Conley retired in 2000. These days, she and her husband live by the ocean in Sonoma County, Calif., away from the demands of e-mail and other modern technology. Conley and her husband, a nationally ranked javelin thrower, describe themselves as “physical culturists,” meaning they spend a couple of hours a day doing rigorous exercise. “I swim, run with my dog and do a regular weight-lifting workout,” she says. “I also enjoy reading and am an absolute classical music fanatic.”

Conley doesn’t miss working in medicine. “I quit at the right time,” she says. “The amount of paperwork required now takes all the fun out of being a doctor.” Not everyone agrees. In Chase’s words, “She retired too early. We still miss her here.”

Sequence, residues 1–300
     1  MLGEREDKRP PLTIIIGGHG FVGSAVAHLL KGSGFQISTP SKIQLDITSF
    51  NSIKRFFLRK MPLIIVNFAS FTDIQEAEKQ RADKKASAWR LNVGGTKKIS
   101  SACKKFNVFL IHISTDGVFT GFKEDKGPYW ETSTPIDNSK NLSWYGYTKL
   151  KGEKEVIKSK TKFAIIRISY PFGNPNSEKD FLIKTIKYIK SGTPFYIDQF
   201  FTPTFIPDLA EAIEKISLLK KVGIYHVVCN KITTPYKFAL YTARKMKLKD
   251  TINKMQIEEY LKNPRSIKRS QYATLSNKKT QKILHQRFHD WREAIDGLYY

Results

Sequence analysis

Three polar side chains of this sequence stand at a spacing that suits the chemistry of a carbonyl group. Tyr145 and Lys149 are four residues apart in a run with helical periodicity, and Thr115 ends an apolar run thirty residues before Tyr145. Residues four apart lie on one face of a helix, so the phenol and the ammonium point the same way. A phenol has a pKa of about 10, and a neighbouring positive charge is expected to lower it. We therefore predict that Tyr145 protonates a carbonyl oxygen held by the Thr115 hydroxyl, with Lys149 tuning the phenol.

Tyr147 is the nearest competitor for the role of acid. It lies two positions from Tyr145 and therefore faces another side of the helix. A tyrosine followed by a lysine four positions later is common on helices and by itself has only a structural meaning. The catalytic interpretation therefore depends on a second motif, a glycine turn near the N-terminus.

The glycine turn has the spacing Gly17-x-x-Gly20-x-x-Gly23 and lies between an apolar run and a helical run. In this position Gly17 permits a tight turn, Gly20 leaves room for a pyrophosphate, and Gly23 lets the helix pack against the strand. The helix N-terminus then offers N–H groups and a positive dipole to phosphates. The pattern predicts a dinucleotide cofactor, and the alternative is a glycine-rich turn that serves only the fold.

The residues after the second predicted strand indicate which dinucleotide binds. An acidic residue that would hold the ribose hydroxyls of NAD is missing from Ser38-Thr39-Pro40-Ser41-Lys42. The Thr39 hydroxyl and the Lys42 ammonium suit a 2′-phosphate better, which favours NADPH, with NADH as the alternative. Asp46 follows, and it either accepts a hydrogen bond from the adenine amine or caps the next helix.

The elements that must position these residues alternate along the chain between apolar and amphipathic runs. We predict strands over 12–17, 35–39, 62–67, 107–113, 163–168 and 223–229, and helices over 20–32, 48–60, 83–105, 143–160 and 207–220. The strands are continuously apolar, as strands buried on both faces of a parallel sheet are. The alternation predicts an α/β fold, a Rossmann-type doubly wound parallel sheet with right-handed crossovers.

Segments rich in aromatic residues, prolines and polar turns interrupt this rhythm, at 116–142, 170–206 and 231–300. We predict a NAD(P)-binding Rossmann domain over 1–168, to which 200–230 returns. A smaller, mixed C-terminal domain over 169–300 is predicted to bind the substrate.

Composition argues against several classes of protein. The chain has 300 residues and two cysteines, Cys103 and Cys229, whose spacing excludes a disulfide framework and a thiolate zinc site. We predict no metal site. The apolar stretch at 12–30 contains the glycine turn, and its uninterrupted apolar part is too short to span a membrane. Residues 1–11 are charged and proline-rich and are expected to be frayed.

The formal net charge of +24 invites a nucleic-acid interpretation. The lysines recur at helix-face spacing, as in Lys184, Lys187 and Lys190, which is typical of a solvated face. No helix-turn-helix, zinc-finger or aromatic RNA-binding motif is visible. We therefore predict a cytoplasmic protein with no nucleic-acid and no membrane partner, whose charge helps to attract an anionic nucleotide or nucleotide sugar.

Augustus White: From bitter comes sweet

Riccardo Vecchio

Augustus A. White III, MD, PhD, has traveled a rough path to get to medicine’s pinnacle.

A renowned orthopedic surgeon and teacher who’s battled racism all his life, he’s earned the right to be arrogant.

But in reality, he’s quite the opposite.

Born in Memphis in 1936, White, an African-American, grew up attending excellent though racially segregated schools. Even as a kid, he wanted to be a doctor. For college he moved north to attend Brown University in Providence, R.I. There, he was a pre-med student and a football star. He became the first African-American member of the Delta Upsilon fraternity, and eventually the group’s president.